# Measuring R number for the Sun

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• #612657
Duncan Hale-Sutton
Participant

I made an observation of the sun yesterday (see attachment) at 10:02 UT by projecting the image onto paper. I didn’t have time to get the east-west drift line and so compared my image to an SDO/HMI image taken at 13:45 UT (see attached also) to get the correct orientation (I hope). I then looked at https://www.spaceweather.com/ to assign active regions (AR numbers). I am new to all this but I have read quite a bit of the BAA’s Observing Guide on the sun. I would like to add to the basic information by measuring the R number but I have some questions about this.

Firstly, I understand that you count the number of individual groups of spots (say G) and then the number of spots (say S) themselves. An individual group is defined if it is “more than 10 degrees apart on the solar surface” from any other group. Then R=10G+S. However, if you look at my observation AR3107 and AR3105 are pretty close together. How would you estimate how far apart these two groups are? Do people have a feeling for this or do they go through some more rigorous approach?

Secondly, counting the spots themselves. The spots have a dark umbra and then a lighter penumbra. Do you count the umbrae areas as separate spots or can a spot be several umbrae that can be linked by a common penumbra? Some of the spots are extremely small or very faint (but just noticeable). How far down the chain of size do you keep counting spots?

Finally, is the R number something that is dependent on the equipment and the subjectivity of the observer (for example you can see another group of spots on the SDO/HMI image at the extreme west that my image missed) or is it robust enough to provide a measure of the activity of the sun. Would two different observers come up with similar R numbers if observing at the same time?

###### Attachments:
#612660
Participant

Hi Duncan,

Thanks for your questions about how to determine the sunspot number R from your observations. The general guidance about counting the number of groups is, as you say, based on the longitude and latitude separation of sunspots: 10 deg in longitude and about 5 deg in latitude. In the case of AR3105 and 3107, the center of these groups in longitude are more than 10deg apart but less in latitude. Certainly using the annotations on SDO HMI image from spaceweather.com can be useful to gain some experience of group separation but with experience this can be done oneself.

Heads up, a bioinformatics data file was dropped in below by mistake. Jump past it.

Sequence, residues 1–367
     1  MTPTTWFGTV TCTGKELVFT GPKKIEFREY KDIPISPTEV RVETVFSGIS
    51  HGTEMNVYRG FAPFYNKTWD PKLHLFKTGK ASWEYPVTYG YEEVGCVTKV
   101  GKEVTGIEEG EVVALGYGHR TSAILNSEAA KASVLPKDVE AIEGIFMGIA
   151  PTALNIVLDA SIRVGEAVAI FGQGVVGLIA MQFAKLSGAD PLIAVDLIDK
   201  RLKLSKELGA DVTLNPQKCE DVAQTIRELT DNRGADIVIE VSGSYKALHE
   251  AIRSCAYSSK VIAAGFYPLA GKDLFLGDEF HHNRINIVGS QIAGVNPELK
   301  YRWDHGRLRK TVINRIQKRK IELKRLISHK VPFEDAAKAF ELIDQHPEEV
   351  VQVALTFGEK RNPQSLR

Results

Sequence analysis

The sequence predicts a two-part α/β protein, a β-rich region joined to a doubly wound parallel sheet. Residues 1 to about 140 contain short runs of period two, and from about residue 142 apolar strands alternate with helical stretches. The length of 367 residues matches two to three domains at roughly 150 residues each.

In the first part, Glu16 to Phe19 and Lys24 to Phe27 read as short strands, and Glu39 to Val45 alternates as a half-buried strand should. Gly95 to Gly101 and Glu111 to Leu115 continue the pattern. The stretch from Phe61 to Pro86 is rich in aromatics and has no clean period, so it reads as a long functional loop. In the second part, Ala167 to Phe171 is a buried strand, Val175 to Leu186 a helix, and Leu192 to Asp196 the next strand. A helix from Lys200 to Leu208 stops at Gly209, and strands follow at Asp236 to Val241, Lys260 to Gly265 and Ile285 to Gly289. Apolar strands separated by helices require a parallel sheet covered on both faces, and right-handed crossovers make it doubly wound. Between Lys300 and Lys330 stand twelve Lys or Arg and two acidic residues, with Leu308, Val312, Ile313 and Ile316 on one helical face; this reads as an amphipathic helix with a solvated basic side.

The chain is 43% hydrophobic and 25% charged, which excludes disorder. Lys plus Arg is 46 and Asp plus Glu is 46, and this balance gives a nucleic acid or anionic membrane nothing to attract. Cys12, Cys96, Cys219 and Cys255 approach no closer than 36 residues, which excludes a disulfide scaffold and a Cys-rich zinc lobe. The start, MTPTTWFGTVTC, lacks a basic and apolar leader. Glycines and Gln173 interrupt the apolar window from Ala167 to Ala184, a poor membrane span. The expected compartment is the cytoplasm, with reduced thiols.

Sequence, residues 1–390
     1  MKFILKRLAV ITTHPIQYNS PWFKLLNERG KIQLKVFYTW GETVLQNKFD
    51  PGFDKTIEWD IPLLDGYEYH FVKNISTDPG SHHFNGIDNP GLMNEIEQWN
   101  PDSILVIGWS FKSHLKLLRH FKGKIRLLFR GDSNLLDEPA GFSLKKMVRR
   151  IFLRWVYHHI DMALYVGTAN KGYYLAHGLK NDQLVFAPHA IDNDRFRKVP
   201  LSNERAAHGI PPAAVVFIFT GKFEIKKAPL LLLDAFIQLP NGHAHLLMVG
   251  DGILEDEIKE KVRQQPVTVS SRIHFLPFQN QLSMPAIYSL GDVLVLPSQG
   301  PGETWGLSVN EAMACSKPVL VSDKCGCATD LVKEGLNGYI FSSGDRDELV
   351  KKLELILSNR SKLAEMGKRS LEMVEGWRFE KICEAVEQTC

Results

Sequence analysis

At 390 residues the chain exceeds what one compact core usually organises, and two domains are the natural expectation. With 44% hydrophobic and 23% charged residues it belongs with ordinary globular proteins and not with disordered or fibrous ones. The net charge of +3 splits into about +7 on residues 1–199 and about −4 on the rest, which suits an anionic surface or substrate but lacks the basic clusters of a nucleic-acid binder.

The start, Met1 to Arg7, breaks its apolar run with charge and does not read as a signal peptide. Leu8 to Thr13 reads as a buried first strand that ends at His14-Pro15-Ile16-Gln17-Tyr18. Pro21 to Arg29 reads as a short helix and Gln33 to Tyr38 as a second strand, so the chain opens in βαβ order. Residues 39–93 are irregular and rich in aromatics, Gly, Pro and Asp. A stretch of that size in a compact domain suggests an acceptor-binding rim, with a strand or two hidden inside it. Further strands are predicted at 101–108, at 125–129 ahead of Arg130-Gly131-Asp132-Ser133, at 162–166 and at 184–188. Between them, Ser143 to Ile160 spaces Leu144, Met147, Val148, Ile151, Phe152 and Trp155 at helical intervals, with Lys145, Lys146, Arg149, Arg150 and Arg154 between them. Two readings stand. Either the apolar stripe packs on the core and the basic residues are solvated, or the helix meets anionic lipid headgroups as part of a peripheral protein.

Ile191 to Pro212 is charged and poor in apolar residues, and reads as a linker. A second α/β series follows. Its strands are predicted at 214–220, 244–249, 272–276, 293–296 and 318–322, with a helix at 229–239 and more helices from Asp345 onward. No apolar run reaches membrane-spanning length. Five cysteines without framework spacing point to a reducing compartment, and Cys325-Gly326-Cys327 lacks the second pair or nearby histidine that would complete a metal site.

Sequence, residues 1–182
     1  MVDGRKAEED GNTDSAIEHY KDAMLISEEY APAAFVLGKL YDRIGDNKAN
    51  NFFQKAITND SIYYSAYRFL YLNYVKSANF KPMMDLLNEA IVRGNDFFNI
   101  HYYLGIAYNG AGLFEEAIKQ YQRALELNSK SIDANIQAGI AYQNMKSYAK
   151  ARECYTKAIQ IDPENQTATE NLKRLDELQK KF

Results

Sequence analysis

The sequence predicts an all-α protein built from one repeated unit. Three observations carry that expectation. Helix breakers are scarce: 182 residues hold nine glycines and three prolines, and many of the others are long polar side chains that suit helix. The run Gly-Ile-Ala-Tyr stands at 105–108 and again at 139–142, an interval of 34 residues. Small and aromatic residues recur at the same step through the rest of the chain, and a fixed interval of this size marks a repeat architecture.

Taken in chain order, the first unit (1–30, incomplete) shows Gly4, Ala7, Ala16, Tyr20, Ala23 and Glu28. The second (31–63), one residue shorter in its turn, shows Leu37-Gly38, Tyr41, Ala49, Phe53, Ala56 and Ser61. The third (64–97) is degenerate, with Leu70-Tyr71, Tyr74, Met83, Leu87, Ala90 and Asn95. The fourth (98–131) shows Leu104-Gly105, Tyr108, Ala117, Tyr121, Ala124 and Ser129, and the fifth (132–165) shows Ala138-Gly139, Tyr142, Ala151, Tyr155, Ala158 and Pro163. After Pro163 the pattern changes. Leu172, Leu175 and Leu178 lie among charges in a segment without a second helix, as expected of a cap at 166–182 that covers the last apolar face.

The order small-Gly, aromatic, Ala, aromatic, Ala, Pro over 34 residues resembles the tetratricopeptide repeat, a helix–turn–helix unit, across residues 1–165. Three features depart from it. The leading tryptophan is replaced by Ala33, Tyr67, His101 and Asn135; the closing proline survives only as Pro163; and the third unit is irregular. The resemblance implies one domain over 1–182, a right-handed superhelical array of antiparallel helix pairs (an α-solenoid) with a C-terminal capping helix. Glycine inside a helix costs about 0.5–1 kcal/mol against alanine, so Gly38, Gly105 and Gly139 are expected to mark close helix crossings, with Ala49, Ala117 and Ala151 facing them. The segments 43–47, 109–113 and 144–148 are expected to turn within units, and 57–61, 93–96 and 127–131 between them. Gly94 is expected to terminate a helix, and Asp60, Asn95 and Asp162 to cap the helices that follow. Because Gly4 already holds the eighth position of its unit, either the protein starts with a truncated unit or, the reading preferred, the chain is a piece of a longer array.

For sunspots with penumbra, it is the number of umbrae that should be counted towards the number of sunspots S. So if there is a penumbral sunspot with 3 umbrae, then this sunspot will contribute 3 to S. Individual sunspots, however small, also count towards S.

Yes, the observing equipment & conditions, the observer all contribute to each observers R value. It will also depend on whether an observers uses a low eyepiece for the full disk and then a high magnification eyepiece for the smaller sunspots. The key is to be consistent with your observing procedure from observation to observation, otherwise your daily R values will differ depending on how you observe. Each observer will have their own R values which will be different from other observers even from the same day – this is the advantage of combining observations from many observers as is done within the solar section.

You are welcome to add your daily observations to the BAA Solar Database which are collated monthly and published in the monthly newsletter (see attachment) and in the Journal. See https://britastro.org/section_information_/solar-section-overview/submitting-observations-2 for more details.

Peter
BAA Solar Section Assistant Director

###### Attachments:
#612715
Bill Barton
Participant

The full version of the formula can be expressed as

R = k(10g + s)

Where R, g & s are as above. k is an observing constant based on personal experience and instrumentation.

Back in the 1990’s when I used to observe the Sun I found my k was 0.8.

Deciding what was one or two active areas is very much a matter of experience (feeling), but a Stonyhurst Disc could be used as a somewhat crude guide (if you observe by whole disc drawing).

#612726
Duncan Hale-Sutton
Participant

Thanks very much Peter, that clarifies things a lot. I hadn’t thought that it was the center of the groups that was used to determine their distance apart on the solar disk, I had just assumed that it was how close their edges were. So that helps. I also didn’t realise it was just the umbrae that counted towards the spot number, either. I think I might try and add some observations to the database that you mentioned once I get the hang of things a bit better but I notice from your newsletter that we can email images to you. Do you have any preference about whether the image is annotated in any way (e.g. with AR numbers?). I note using the time, date and initials in the file name and copying them to Lyn. Any preferred format for the file name? many thanks.

#612727
Duncan Hale-Sutton
Participant

Thanks Bill, that kind of makes sense that there is some kind of multiplying factor that is observer and instrumentation dependent. I was wondering how this all worked because I could see that the better the instrumentation and resolution you had, the more sunspots you might count. I haven’t tried using a Stonyhurst disc yet, that was something I was going to try and grapple with next. I think for the moment I will continue with my approach of projecting the image first and getting a handle on the basics before moving on to solar filters etc.

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